Christmas day appears to be a day that shoppers plan for their post-holiday spending sprees. Retailers would be wise to be ready.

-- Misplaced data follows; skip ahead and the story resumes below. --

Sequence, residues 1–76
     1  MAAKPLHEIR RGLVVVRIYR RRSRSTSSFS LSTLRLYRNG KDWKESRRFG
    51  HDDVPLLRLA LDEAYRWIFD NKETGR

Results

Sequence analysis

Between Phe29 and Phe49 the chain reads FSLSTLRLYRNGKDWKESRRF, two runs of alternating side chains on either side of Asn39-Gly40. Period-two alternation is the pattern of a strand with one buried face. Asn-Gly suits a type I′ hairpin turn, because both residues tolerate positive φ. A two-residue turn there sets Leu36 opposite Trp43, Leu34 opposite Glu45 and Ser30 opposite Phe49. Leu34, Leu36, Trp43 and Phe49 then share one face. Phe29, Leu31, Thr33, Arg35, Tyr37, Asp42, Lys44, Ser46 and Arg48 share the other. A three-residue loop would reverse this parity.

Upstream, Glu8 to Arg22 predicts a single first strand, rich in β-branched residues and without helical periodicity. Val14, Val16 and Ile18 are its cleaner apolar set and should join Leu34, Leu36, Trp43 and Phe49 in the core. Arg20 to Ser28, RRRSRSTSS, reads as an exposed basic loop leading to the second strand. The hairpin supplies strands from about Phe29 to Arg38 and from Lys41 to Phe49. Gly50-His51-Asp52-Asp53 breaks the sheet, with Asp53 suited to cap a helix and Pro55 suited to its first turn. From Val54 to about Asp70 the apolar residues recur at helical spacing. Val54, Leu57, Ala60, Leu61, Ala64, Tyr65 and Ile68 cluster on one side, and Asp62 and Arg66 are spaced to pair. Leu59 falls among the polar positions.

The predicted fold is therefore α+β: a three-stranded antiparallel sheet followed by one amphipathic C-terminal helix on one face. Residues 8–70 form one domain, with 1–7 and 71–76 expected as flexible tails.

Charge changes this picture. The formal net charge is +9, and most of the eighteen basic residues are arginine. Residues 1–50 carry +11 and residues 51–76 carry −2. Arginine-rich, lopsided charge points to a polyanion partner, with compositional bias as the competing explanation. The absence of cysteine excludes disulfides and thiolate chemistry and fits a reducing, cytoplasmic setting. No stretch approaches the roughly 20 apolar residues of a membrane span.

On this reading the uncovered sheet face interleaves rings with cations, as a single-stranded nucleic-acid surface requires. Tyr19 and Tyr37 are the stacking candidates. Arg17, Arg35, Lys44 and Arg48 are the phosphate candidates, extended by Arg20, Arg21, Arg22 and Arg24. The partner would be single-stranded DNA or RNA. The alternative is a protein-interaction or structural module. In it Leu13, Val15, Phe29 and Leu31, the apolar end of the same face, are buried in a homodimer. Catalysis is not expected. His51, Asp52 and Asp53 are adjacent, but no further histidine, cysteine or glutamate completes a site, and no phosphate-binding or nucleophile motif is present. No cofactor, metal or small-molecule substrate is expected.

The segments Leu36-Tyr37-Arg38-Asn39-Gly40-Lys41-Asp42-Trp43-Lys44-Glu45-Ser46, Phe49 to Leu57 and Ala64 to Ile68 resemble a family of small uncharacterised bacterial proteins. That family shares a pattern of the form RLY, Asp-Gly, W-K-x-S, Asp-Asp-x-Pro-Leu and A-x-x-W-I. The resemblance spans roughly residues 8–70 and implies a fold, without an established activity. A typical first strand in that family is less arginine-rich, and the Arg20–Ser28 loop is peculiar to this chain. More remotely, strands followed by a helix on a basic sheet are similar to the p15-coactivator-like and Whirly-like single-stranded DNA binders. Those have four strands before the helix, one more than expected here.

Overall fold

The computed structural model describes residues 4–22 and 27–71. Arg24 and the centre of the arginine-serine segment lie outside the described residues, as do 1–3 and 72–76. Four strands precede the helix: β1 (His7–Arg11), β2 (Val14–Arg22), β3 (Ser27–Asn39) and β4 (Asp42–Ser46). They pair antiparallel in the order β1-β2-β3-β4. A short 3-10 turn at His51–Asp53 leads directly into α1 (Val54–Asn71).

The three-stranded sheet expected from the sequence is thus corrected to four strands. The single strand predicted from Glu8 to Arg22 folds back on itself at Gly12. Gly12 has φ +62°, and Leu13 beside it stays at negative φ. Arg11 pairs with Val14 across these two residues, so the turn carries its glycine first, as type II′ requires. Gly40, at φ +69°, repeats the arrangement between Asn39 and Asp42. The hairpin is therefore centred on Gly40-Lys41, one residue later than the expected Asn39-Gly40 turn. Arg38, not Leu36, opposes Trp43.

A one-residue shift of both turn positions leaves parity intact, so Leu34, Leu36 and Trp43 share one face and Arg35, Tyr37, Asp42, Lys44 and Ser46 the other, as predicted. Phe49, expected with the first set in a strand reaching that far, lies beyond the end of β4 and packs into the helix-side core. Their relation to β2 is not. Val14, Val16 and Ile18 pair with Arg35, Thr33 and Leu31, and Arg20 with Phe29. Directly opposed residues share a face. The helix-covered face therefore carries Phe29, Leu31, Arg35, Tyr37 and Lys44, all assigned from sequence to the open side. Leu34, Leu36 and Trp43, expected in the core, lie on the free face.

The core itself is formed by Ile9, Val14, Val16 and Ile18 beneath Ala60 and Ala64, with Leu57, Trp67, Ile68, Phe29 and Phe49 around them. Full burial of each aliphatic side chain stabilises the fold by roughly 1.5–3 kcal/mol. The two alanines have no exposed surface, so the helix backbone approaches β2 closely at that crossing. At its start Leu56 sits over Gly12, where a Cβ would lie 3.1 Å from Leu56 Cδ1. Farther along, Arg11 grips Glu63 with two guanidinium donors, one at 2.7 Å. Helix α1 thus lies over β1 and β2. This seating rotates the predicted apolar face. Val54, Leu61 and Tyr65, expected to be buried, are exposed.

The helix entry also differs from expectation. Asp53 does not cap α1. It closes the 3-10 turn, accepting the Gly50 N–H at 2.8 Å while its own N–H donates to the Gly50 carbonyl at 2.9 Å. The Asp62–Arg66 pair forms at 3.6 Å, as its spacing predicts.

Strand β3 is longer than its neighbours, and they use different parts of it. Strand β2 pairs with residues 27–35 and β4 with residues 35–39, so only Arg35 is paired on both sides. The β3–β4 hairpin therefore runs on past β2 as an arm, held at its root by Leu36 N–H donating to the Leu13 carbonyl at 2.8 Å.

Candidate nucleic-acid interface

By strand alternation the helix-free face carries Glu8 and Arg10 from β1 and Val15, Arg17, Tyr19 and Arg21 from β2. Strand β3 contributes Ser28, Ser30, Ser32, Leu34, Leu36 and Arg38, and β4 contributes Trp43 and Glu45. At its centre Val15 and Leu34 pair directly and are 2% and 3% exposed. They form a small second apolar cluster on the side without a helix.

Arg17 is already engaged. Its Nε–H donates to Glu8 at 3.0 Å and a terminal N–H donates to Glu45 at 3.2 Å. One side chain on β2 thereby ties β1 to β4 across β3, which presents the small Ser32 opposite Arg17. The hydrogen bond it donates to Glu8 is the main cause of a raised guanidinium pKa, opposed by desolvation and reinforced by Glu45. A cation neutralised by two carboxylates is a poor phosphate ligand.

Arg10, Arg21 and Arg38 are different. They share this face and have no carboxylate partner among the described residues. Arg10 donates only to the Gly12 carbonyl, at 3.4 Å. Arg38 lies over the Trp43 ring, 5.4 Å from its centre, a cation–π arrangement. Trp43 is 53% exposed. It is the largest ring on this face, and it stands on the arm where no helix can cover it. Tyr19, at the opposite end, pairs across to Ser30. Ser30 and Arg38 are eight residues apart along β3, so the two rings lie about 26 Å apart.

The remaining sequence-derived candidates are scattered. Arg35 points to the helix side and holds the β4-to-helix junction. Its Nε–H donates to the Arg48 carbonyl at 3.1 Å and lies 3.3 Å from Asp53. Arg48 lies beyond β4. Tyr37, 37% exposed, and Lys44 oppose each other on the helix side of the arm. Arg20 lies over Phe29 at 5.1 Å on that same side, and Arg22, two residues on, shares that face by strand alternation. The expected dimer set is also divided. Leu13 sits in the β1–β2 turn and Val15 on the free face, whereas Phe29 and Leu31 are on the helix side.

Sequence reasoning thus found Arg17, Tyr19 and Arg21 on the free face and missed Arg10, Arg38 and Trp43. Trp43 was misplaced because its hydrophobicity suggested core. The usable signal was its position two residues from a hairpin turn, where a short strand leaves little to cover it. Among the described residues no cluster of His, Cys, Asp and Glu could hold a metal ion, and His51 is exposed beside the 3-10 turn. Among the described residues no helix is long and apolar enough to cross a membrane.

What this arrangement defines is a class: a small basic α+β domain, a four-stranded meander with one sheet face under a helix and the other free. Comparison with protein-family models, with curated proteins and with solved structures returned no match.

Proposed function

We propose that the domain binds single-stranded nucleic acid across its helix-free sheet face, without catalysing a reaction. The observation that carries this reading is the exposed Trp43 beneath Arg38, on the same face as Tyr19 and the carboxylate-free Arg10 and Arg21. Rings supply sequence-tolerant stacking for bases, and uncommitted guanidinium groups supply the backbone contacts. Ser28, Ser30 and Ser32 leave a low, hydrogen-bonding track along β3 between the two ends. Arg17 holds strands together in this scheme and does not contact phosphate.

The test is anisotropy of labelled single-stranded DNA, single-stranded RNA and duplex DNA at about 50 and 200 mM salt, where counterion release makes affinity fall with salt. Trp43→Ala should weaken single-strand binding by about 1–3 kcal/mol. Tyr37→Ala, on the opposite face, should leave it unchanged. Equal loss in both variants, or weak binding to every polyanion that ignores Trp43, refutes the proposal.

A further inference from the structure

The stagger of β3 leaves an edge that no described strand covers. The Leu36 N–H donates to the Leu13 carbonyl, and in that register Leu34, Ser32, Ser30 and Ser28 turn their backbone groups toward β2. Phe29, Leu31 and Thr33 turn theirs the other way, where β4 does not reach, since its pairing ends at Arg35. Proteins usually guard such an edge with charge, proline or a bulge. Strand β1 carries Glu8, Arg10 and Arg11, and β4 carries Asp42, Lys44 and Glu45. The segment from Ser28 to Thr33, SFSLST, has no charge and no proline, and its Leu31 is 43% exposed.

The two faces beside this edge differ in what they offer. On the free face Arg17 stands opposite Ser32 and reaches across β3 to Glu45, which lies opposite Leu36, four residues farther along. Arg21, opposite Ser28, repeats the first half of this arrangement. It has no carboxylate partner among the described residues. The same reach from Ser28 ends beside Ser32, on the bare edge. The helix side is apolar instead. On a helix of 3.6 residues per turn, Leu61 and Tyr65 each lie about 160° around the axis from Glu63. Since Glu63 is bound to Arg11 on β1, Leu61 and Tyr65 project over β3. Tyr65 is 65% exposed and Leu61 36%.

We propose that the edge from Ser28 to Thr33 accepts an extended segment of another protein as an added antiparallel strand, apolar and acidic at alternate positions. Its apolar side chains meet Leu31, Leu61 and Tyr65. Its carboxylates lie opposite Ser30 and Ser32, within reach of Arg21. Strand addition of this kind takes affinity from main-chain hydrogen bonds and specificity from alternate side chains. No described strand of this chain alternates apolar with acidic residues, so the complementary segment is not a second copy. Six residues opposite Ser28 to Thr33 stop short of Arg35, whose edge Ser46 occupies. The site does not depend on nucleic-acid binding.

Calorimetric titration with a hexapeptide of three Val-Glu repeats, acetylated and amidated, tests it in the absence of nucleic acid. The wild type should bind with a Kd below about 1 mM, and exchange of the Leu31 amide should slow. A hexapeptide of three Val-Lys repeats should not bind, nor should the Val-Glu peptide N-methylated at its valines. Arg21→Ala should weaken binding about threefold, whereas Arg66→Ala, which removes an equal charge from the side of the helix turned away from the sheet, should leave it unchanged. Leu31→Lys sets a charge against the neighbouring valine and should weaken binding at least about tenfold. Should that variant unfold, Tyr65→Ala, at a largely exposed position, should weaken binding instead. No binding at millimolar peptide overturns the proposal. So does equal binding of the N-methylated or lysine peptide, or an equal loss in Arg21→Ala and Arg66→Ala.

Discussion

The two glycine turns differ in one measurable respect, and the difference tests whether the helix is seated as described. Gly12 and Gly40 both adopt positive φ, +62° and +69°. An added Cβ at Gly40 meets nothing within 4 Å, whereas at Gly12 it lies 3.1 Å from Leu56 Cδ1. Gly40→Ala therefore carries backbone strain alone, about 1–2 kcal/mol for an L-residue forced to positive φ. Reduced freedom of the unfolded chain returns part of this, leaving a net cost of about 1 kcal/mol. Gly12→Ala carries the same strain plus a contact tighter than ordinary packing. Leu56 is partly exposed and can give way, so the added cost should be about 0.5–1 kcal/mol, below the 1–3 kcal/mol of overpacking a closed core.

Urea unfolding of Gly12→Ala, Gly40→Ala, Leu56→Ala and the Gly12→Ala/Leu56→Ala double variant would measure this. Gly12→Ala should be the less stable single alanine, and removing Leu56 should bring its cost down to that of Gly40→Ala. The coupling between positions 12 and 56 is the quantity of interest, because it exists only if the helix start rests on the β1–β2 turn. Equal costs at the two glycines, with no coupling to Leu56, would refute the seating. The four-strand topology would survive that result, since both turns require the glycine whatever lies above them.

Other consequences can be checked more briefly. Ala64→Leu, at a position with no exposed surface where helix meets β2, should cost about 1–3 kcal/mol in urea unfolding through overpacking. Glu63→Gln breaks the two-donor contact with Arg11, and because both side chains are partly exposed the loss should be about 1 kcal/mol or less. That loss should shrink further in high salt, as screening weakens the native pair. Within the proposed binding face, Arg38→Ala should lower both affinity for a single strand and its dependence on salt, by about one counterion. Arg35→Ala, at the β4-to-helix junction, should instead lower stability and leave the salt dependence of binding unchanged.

Given that Christmas is an outlier in so many ways (hey, people are actually nice to each other), it should come as no surprise that the day exhibits some odd online shopping habits. What do you mean you’re surprised there is shopping at all on Christmas? This is America. In fact, you might say the digital world is bringing a whole new meaning to the term “Christmas shopping.” First, you might be relieved to know that shopping is light on December 25, according to a relevant set of BloomReach customer data. In fact, if we look at the two weeks leading up to Christmas, we see that the number of product views on Christmas is not even half (49 percent) what it is on the busiest day of the period. As for conversions, there is even less interest in buying on Christmas day. Christmas registered only 27 percent of the conversions seen on the day with the highest conversions during the two-week period. Yes, the day with the most product views and conversions was one of the miraculous Mondays — December 12, to be exact. But that doesn’t mean people weren’t looking. In fact, In the United States, e-commerce traffic started picking up just about the time folks were opening that sweater that really wasn’t their cup of tea or pulling that gift card out of their stockings. And what time was that? Time to start looking for ways to make their own Christmas wishes come true. Seriously, after a night-time lull, e-commerce traffic started to pick up at about 7 a.m. on the east coast. It moved straight up, until peaking at about 11 p.m., or 8 p.m. on the west coast. You can see the trend in the chart below. Note that the chart displays Universal Time Coordinated (UTC), which is five hours ahead of east coast time and eight hours ahead of west coast time. The data also shows that Christmas has some of the characteristics of Thanksgiving. Christmas is big on mobile, which makes sense when you think about all the visiting and socializing that is going on. Consumers are more likely to whip out their smartphones than their laptops when they’re in the midst of a present-opening frenzy or a lull in a holiday meal. When we look at product views, desktop views account for only 47 percent of the day’s total. Smartphones and tablets, on the other hand, account for more than half of visits. The story is similar for conversions, when almost half of online conversions, 47 percent, took place on smartphones and tablets. When we move on to online visits, we begin to get a hint that Christmas may well be a big day for browsing. And why not? Not that anyone wants to look a gift horse in the mouth, but there is a tendency to want to check out alternatives to that nifty tie Uncle Joe got you or that Taylor Swift CD your sister got you, somehow unaware that you don’t have a CD player. And, of course, there are those gift cards — a huge gift this year. Can you blame a recipient from turning to an ever-present smartphone to imagine the possibilities? Whatever the reasons, smartphones and tablets crushed the desktop when it came to Christmas online visits. While the desktop accounted for 37 percent of visits on Christmas day, smartphones racked up about 51 percent and tablets accounted for about 11 percent, making up 63 percent of visits. But the clincher, when it comes to discerning consumers’ intent on Christmas day, comes in the form of Datacember’s Browse vs. Buy index. The index looks at the number of product views per conversion on any given day and compares that to an average for a given period. If you look at the two weeks leading up to Christmas, you will see very consistent “buy” behavior. In other words, consumers are looking at a fewer than average number of products before buying. That’s a sign that they have an idea of what they want and are going for it. On Christmas day, however, consumers shift dramatically to looking at many more products than average per conversion. In fact, product views per conversion hit 52, 20 more than the two-week average of 32. It’s not likely that Christmas day is going to be a big day for retailers any time soon, but there are a number of lessons in consumers’ Christmas day shopping behavior. For one, it is not time for retailers to rest on their laurels. Consumers remain in a shopping mood. In fact, Christmas might be a planning day heading into the post-holiday shopping frenzy. Retailers should be ready with online promotions and relevant suggestions for those shopping for replacement gifts and gift-card purchases on Christmas day. And the Christmas day activity is also a reminder that customers are setting the agenda now. They will shop and buy how they want to and when they want to. Retailers need to do what they can to understand those habits in advance and prepare. Mike Cassidy is BloomReach’s storyteller. Contact him at firstname.lastname@example.org; follow him on Twitter at @mikecassidy.